Old    Darrin (Cabledog)      Join Date: Dec 2013       07-24-2014, 12:15 PM Reply   
Quote:
Originally Posted by migs View Post
ALWAYS BUY FRESH - not frozen
^^This is the key. Our family likes most all seafood but try Hailbut, Mahi-Mahi, or Swordfish for milder flavor. Get thick steak like cuts and grill. Johnnys makes some dill (used to be called fish season) seasoning that is the best i've had. Be sure to remove the skin too (it comes off easier after cooking) as it has alot of the fishy flavor you are talking about. Tilapia will almost always have been previously frozen if it is store bought.
Old    Onthe Creek (onthecreek)      Join Date: Apr 2013       07-24-2014, 12:24 PM Reply   
you get what you pay for with fish...and don't trust restaurants to serve what they claim it is. even grocery stores can 'make mistakes'. there have been investigative reports done by reliable sources showing stores and restaurants serving/selling types of fisher other than what it's labeled as. it could be intentional or their supplier screwed them. once fish is fileted some types closely resemble others.

tilapia is mostly farm raised, no thanks. add the china factor and it's not a good choice, imo.

fresh fish will smell like the ocean if it's a salt water species or won't smell much at all if fresh water.

buy it fresh from a good source and eat it soon (that night or the next). it will cost more than frozen tilapia but it will be good for you and taste great.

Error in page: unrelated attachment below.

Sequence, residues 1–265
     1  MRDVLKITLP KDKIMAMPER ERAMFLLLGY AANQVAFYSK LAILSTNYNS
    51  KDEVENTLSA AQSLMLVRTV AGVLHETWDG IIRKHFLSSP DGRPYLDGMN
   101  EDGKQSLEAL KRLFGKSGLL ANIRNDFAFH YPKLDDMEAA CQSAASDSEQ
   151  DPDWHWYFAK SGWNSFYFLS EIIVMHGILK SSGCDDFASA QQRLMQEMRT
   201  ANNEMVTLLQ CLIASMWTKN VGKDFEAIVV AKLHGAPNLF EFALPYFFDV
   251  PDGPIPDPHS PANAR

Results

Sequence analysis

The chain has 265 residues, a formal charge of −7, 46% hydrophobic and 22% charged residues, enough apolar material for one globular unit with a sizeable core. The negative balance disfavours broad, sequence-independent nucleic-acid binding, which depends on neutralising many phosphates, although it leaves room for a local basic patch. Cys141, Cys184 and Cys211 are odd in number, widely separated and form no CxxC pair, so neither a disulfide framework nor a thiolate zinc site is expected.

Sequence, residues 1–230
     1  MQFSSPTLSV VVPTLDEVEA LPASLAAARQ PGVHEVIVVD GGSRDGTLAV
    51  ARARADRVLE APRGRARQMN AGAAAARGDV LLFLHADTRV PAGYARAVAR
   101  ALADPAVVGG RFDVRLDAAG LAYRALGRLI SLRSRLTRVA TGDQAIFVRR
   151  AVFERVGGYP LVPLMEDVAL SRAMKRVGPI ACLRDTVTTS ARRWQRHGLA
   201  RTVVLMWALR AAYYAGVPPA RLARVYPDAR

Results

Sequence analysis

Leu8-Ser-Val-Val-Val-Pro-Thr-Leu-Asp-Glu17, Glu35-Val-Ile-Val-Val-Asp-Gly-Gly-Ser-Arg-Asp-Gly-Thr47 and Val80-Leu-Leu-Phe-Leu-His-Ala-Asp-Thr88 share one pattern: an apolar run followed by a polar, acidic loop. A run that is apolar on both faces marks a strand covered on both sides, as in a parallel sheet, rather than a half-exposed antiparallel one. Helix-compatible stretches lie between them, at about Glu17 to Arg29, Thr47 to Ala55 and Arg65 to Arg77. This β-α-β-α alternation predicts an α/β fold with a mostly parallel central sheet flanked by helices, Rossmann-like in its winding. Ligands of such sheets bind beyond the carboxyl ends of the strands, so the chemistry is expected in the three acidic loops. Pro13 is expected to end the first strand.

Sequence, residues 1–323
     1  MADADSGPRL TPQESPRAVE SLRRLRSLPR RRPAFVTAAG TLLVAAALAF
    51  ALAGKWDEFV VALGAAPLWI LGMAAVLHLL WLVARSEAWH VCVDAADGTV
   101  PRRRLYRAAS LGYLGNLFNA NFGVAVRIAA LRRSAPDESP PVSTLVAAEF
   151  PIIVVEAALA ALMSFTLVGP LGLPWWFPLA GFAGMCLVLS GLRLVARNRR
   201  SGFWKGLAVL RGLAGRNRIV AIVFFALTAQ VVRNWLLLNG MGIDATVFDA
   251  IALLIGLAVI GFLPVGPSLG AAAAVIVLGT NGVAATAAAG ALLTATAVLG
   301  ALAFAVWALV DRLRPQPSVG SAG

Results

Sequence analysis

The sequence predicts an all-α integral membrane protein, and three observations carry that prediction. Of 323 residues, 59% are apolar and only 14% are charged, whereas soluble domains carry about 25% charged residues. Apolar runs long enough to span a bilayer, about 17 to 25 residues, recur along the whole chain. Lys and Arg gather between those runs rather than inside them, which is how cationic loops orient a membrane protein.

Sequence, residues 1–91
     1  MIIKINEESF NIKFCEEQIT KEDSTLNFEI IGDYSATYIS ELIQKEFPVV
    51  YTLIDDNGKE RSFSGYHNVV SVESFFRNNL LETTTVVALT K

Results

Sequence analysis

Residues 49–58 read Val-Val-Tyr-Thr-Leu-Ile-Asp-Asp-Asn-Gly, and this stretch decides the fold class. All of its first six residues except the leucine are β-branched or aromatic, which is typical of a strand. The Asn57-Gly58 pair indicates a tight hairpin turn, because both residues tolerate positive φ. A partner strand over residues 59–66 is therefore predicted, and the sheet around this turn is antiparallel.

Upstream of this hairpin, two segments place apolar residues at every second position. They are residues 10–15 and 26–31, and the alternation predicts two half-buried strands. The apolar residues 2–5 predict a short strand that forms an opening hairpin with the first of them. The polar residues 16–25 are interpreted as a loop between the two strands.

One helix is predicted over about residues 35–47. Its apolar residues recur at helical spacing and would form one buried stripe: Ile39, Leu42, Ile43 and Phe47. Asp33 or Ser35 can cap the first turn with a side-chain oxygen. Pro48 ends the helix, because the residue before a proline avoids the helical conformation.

to compare, go get some fresh amberjack and season it lightly. cook on the grill if you have a basket, won't take long. great for tacos.
Old    Jonathan Bay (john211)      Join Date: Aug 2008       07-24-2014, 3:55 PM Reply   
"if I didnt catch or one of my friends then i aint eating it"
what ^^^
the Byerly retrospect, " ... I can catch catfish til dusk to dawn ... a country boy can survive.. "
Grocery stores have plenty of good fish options. Good ways to learning how to cook fish (if it is not a family tradition) include CreateTV (and other like channels), or, a cookbook!
Old    Baitkiller (baitkiller)      Join Date: Jan 2010       07-24-2014, 4:04 PM Reply   
Quote:
Originally Posted by john211 View Post
"if I didnt catch or one of my friends then i aint eating it"
what ^^^
the Byerly retrospect, " ... I can catch catfish til dusk to dawn ... a country boy can survive.. "
Grocery stores have plenty of good fish options. Good ways to learning how to cook fish (if it is not a family tradition) include CreateTV (and other like channels), or, a cookbook!
If I nor one one of my esteemed colleagues did not personally harvest said fish, it would then be unlikely that (I) would be found consuming said fish.

You don't speak Budweiser? Idiot
Old    Train (ttrigo)      Join Date: Dec 2004       07-26-2014, 3:50 PM Reply